Tool 1: Super-simple sharpener
Like most woodworkers,
Dave Munkittrick relies on
sharp chisels and planes for
his livelihood. He has a large
collection of sharpening tools,
but his favorite sharpening
device is the WorkSharp system
shown here, which sharpens
chisels and plane blades
quickly with no mess. The
best part is that you don’t
need any practice to get a
The WS 2000 shown costs
$100 at home centers and
Dave Says, “I used to put off
it was such a hassle.
With this machine,
sharpening is a quick
task, not a project.”
Meet a Pro! Dave Munkittrick, Woodworker
Dave gave up his career
as a commercial pilot to
become a woodworker.
He's been building cabinets
and furniture for 20 years.
Tool 2: Costas's mini-cutter
Costas has a ton of cool
specialty tools for appliance
repairs, but his
Dremel tool is the one that
often gets him out of
binds. Costas fits his
Dremel with an abrasive
cutoff wheel to remove the
heads from stuck sheet
metal screws, cut through
Costas says, “This little
out of some
Meet a Pro! Costas Stavrou, Appliance Repair
Costas worked in his dad's
appliance shop in Cyprus
before starting his appliance
repair business in the
been at it for
Tool 3: Time-saving triangle
When Jeff Timm installs paver patios and driveways, he focuses on top-quality workmanship
in the most efficient way possible. This giant triangle is perfect because it
allows him to quickly and accurately chalk square layout lines. He could do the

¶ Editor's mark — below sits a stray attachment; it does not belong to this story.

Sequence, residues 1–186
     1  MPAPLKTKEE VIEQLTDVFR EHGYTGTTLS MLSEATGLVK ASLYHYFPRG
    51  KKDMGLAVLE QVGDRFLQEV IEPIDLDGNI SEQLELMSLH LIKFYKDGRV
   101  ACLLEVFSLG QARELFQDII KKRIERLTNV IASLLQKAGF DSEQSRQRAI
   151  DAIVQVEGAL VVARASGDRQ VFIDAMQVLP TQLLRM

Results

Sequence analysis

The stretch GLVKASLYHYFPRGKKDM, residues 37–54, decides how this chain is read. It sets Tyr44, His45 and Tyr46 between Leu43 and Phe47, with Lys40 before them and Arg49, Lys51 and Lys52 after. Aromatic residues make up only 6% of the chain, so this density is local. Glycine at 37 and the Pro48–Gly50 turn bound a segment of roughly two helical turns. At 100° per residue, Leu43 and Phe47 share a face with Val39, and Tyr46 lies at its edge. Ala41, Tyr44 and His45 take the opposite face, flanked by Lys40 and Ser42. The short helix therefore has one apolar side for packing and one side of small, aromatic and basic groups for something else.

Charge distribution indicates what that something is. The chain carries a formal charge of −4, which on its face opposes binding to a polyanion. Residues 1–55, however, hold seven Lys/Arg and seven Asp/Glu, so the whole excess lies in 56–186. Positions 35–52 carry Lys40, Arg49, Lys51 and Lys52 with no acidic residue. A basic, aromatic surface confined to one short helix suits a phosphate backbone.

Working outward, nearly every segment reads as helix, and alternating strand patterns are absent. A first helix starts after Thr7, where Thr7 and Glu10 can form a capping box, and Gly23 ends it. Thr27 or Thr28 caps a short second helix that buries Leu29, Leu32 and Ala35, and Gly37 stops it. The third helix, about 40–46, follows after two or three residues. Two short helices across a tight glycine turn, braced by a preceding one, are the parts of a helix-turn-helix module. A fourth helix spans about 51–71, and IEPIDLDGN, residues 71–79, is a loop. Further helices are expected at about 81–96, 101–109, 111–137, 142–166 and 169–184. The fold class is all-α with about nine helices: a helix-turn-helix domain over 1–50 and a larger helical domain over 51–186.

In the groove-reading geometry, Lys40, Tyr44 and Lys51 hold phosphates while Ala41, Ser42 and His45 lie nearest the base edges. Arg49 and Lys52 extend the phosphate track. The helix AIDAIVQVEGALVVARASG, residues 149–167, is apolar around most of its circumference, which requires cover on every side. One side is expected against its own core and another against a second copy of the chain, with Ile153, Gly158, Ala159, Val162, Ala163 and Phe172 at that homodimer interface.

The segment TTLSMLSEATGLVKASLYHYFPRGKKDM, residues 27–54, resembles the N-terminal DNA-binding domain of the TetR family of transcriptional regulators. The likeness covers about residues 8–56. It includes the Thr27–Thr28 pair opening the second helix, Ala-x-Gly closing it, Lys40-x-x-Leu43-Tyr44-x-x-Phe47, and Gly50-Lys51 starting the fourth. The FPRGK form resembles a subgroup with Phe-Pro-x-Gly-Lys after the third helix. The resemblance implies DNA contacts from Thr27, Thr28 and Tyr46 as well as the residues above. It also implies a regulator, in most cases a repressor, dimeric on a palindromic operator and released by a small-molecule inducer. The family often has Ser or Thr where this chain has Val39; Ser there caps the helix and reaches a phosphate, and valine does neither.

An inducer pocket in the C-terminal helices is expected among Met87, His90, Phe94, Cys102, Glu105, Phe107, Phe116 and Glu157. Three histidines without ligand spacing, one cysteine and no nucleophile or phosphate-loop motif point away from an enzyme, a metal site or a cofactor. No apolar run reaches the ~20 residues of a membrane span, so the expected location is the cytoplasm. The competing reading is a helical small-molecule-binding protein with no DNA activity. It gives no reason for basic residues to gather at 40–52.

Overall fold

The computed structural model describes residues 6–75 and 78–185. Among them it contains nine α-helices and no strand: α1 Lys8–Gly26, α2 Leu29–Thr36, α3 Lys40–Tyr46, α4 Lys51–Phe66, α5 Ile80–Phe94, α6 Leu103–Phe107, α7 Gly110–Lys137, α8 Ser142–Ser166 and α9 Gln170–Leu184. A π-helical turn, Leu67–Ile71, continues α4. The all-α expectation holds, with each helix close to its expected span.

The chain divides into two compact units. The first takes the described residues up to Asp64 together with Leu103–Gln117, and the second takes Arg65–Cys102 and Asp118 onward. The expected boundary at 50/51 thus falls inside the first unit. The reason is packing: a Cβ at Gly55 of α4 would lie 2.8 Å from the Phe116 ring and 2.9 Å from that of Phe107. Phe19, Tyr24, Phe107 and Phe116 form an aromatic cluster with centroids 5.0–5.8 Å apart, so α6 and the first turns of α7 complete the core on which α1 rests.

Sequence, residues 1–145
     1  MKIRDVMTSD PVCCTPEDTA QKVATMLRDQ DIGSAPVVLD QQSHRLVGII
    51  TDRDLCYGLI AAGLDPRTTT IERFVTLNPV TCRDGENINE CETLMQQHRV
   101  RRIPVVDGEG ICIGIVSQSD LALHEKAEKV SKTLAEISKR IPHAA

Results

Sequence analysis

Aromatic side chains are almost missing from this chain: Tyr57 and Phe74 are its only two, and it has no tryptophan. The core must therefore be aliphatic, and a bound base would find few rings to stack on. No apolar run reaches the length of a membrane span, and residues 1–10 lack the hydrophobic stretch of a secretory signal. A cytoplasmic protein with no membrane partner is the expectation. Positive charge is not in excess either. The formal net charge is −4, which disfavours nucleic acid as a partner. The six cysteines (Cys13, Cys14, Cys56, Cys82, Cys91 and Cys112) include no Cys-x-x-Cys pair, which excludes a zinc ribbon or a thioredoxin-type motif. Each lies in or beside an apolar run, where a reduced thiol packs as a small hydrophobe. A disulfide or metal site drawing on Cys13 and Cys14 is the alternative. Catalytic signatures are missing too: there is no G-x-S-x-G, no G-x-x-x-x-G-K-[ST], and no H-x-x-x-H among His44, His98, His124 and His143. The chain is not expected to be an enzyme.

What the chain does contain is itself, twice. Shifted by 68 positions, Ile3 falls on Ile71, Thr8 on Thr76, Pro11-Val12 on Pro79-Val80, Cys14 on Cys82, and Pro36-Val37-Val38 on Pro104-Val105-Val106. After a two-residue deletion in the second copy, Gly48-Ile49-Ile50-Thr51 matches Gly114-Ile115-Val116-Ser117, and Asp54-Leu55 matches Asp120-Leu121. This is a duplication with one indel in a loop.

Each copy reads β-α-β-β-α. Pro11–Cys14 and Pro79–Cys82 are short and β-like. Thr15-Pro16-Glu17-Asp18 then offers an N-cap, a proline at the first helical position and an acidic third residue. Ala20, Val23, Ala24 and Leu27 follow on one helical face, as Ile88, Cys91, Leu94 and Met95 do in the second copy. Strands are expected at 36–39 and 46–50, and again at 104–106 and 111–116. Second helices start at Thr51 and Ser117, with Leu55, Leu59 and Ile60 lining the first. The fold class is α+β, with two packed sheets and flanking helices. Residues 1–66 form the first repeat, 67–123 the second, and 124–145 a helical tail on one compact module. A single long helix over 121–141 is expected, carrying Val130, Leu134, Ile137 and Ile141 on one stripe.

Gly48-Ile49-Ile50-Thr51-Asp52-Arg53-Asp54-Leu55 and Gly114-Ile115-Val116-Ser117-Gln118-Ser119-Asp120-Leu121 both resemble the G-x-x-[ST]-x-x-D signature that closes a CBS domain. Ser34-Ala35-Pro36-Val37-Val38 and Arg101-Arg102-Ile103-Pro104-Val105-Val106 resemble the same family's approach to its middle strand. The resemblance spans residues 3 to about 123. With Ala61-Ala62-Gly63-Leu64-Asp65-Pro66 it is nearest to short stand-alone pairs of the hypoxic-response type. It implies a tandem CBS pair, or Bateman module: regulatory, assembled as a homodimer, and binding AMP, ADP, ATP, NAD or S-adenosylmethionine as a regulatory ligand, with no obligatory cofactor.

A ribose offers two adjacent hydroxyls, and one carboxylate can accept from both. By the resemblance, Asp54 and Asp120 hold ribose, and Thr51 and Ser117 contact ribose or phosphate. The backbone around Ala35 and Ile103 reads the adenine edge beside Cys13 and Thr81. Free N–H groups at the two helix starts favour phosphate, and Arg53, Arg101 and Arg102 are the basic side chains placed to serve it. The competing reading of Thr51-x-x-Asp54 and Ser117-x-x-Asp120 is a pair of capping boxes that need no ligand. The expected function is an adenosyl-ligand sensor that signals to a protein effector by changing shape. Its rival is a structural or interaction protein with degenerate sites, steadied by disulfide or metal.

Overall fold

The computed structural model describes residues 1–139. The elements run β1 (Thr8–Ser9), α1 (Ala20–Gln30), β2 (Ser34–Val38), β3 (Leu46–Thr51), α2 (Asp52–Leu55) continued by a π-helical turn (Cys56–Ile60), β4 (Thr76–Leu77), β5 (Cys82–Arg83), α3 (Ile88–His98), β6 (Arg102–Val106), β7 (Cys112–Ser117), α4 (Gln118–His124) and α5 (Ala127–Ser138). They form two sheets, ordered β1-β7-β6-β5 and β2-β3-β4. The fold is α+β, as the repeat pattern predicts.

same thing using the 3-4-5 triangle method, but this is faster. Just align the chalk
line with the edge of the triangle and snap the line. The triangle folds to take up
less room in the truck.
The Asquare folding triangle is available online for about $60. Search for “asquare
folding triangle.” One source is contractortools.com.
Meet a Pro! Jeff Timm, Landscaper
When Jeff isn't installing
stone and brick
doing home projects
like building a two-story
Tool 4: Jeff's boot saver
Jeff is hard on boots. Unfortunately, the dirt, gravel,
stones and pavers chew up the toe box before the rest of
the boot wears out. But he found a solution. He coats the
toes of his boots with Boot Guard, and it really works.
With a $12 investment, you can save your favorite $100
work boots from premature death. Look for Boot Guard
at a shoe store or order online at kgsbootguard.com.
Tool 5: Do-everything electrical tester
Al Hildenbrand has several
favorite tools, but the one
dearest to his heart and the
workhorse of his stable is the
Greenlee GT-95 electrical
tester. It’s durable and easy to
use. The feature that sold Al
was the ability to test for a hot
wire without the need for a
known ground. You simply
hold the tester in your hand
and touch one probe to the
wire you want to test. Push
the test button to see if the
wire is hot. The GT-95 also
features a GFCI tester, a non-contact
voltage tester and a continuity tester in addition to a digital and LED display
for reading voltage.
The GT-95 costs about $80 online, but it’s the only tester you’re likely to need.
And it’ll last a lifetime.
Meet a Pro! Al Hildenbrand, Master Electrician
Al is an electrical engineer
who, after a brief stint
behind the desk, decided
he'd rather be wiring than
computing. So he became
a master electrician and
has been wiring ever since.
Tool 6: No-scratch duster
Bill Nunn says, “Tack rags are good,
but you need to
vacuum to get a
really smooth finish.”
Bill vacuums everything before he
paints it. He thinks the brushes that
come with shop vacuums are too
stiff, though. “They can scratch the
surface and don’t pick up fine
dust.” That’s why he replaced the
dusting brush on his shop vacuum
with a horsehair brush, which he
got for $8 at a vacuum cleaner
shop. Take your hose and wand
along with you to find a brush that
fits. No vacuum cleaner shop near
you? Search online for “horsehair
vacuum cleaner brush.”
Meet a Pro! Bill Nunn, Painter
Bill owns a painting
company that specializes
in top-quality, hand-painted
finishes. He's been